Up & Coming Weekly

November 17, 2020

Up and Coming Weekly is a weekly publication in Fayetteville, NC and Fort Bragg, NC area offering local news, views, arts, entertainment and community event and business information.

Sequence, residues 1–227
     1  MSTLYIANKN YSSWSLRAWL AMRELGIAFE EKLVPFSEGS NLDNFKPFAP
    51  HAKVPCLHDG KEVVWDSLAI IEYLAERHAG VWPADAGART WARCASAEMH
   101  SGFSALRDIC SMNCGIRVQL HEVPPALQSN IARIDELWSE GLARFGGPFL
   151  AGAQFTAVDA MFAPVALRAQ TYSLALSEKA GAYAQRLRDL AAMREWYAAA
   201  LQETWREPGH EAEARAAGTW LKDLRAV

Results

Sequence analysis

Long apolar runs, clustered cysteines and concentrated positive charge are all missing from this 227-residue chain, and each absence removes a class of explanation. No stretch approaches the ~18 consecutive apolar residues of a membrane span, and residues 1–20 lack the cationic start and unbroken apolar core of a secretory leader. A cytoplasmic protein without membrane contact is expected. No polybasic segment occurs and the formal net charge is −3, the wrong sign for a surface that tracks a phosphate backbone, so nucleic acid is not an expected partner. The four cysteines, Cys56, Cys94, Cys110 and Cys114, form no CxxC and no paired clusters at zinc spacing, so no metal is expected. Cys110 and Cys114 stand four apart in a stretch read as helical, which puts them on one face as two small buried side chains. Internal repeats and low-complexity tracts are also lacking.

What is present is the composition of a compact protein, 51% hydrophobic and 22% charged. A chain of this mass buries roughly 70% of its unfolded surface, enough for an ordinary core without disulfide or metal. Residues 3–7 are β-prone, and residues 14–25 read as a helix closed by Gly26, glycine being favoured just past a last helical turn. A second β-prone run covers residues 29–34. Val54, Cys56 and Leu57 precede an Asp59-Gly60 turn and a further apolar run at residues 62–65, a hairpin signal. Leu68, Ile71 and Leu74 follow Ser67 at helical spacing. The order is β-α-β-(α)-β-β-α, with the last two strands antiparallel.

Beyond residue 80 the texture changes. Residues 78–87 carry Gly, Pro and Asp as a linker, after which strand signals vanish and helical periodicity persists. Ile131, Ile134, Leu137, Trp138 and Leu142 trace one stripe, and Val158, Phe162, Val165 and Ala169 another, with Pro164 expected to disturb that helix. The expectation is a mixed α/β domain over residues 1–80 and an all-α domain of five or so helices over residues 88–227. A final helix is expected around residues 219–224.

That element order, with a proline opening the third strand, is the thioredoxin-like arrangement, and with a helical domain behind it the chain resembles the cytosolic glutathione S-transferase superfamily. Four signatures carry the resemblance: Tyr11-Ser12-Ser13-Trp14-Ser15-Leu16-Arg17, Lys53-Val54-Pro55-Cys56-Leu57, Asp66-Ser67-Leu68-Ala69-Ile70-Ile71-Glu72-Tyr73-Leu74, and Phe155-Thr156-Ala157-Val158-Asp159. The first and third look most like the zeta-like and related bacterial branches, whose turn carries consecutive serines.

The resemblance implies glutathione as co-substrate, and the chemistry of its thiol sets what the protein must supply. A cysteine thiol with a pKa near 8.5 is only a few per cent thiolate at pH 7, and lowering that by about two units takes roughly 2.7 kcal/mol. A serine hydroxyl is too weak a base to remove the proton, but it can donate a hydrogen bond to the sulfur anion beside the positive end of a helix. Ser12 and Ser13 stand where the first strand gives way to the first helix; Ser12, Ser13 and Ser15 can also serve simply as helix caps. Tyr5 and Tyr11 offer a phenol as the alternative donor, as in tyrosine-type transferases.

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8 UCW NOVEMBER 18-24, 2020 WWW.UPANDCOMINGWEEKLY.COM D.G. MARTIN, Host of UNC's Book Watch. COMMENTS? Editor@upand- comingweekly.com. 910-484-6200. JOHN HOOD, Chairman of the John Locke Foundation. Contributing Writer. COMMENTS? Editor@upand- comingweekly.com. 910-484-6200 OPINION Eight factors shaped North Carolina elections by JOHN HOOD Waking up as a Republican by D.G. MARTIN Over the course of 34 years penning a column on North Carolina politics and public policy, I've seen it all. Or so I thought. Until 2020 came along. It's not that I proffered a passel of bad predictions for which I must now do penance. After pegging many races wrong in 2016, I was more guarded in my prog- nostications this year. And the picks I offered — that Donald Trump would win North Carolina but not reelection, that U.S. Sen. om Tillis would secure a sec- ond term, and North Carolina Republicans would retain their General Assembly and Council of State majorities — proved to be pleasingly precise. Rather, I just think we have never before seen so many fascinating trends come together in such a com- pelling electoral performance. After pondering the election results a bit more, I have prepared a list of eight factors that helped shape the outcomes. • Polarized. Like much of the country, North Carolina has a polarized electorate. Generations ago, somewhere between a fifth and a quarter of voters were willing to split their tickets between the two major par- ties. Today, that share is in the single digits. • Parity. at doesn't mean ticket-splitters are ir- relevant. Polarization is present in places like California and Mississippi, too. But parity isn't. e Democratic base is so large in the former, and the GOP base so large in the latter, that a few percentage points of swing voters can't swing the result. In North Carolina, however, the two partisan coalitions are nearly even (by behavior, not registration). So when a few Tar Heel voters — dispro- portionately older voters in rural areas, according to my analysis of county returns and exit polls — decided to split their tickets, voting Trump and Tillis for federal office and Roy Cooper for governor, their choices were decisive. • Process. Before the election, Democrats went to court to challenge election rules the General Assembly had previously enacted by bipartisan votes. Democratic plaintiffs won an extension of the absentee-ballot dead- line but little else. If those late-arriving ballots flip any outcomes, you can expect the issue to be re-litigated. • Pandemic. Not only was COVID-19 a big issue in federal and state races, but the pandemic also affected how campaigns were run. Crucially, Republican-lean- ing groups started canvassing for votes door-to-door during the summer, while Democratic-leaning groups shied away from this time-tested tactic until the final weeks. Given that canvassing is an outdoor, low-risk activity, the Democrats blew this call, as candid Dems now admit. • Polling. Pollsters got it very wrong this year. Clearest example: while Cooper won reelection by 4.4 points, the polling average going into Election Day was +11 Cooper. • Press. Much of the media abandoned all pretense of fairness and actively rooted — in news stories — for Republicans to lose. While Trump did indeed fall short, I think attempts to suppress anti-Biden stories or cheerlead for Democrats ended up harming the media's already battered reputation. • Platitudes. At least two bits of "conventional wis- dom" ought to be retired after the 2020 elections. One is that politics is largely about money. Democrats vastly outspent Republicans in North Carolina this year but almost always fell short. Another familiar myth is that low-turnout elections favor Republicans and high- turnout elections favor Democrats. ere was no such historical pattern in North Carolina elections going into 2020. And that's not how it turned out this year, either. • Public Safety. As I observed in a prior column, Republican candidates tilted some votes by speaking strongly against the looting and rioting that followed some Black Lives Matter protests this summer. And there you have it: my eight p-factors that mat- tered in 2020. Are you persuaded? "Why so glum?" I asked a sullen group of Democrats who were expressing despair as they reviewed the results of the November 3rd elections. ey explained their gloominess. Democrats had lost seats in the state house and Senate, losing any chance to expand Medicaid or have a hand in the redistricting of seats in the state legislature and the state's congressional delegation . ey continued. Republican candidates beat Demo- crats, appearing to win the chief justice's seat and other positions on the state's Supreme Court and all the open seats on the Council of State, including the lieutenant governor's race in which an unknown and far-out Republican candidate beat an attractive, well- liked, and experienced woman state legislator. What about Biden's victory over Donald Trump? Surely this should have made my Democratic friends happy. No, they responded. It was supposed to be "a blue wave." But it was not a blowout, not even close, they said, noting that they did not even win control of the U.S. Senate and lost seats in the U.S. House. I confess that I lost my cool. I asked whether they would choose to be Republicans today rather than gloomy Democrats? Would you really like to go to bed tonight and wake up as a Republican? Maybe you could help bring that party back to its historic princi- ples which its current leadership has abandoned. More likely you would have to carry the burdens of being a member of today's Republican Party, tied as it is tightly to Donald Trump and his loyal backers, dependent on all those people's support to win primaries and elec- tions as a Republican. Like other present-day Repub- licans you would be so dependent that, you would have to subordinate your principles and good sense to a cult figure and his other followers, to their alarmist conspiracy stories, and the inaccurate "alternate facts" that they propound. If you woke up as a Republican, I said, you would be tied to a party of aging white people in a state and nation that are rapidly diversifying. You would be stuck with a vision of our country that rejects the multi- ethnic American traditions of equality and fairness for everyone, regardless of gender, racial and ethnic background, or sexual orientation. You would have to reject the American commitment of true religious liberty and respect for differing religious views. You would have to reject the true patriotism that includes respect for our history of painful battles to expand equality and opportunity without covering up our country's imperfections. You would have to put aside any continuing commitment to expanding opportuni- ties for every citizen. Our great country, I said, was not served up on a platter to or by our forebears. Every battle, including its war for independence, the end of slavery, the expan- sion of the right to vote, the opening of public schools to people of all races, the opening of public facilities to those of all different races and other battles for equality and fairness are battles that continue today. You can be happy now, I told the group, that you are free to work for a better country, supported by high ideals and carefully discovered scientific facts rather than being bound to the inconsistent and deadly poi- sons prescribed by a haughty autocrat and his incon- sistent dogma. More than that, I said, you should be happy that your party's candidates for president and vice president are on the verge of a momentous victory and North Caro- lina will soon, be joining its neighbors Virginia and Georgia in becoming a place where both Democrats and Republicans have a fair chance to win political contests. After my passionate ramblings, my friends nodded, smiled, and continued their gloomy conversations.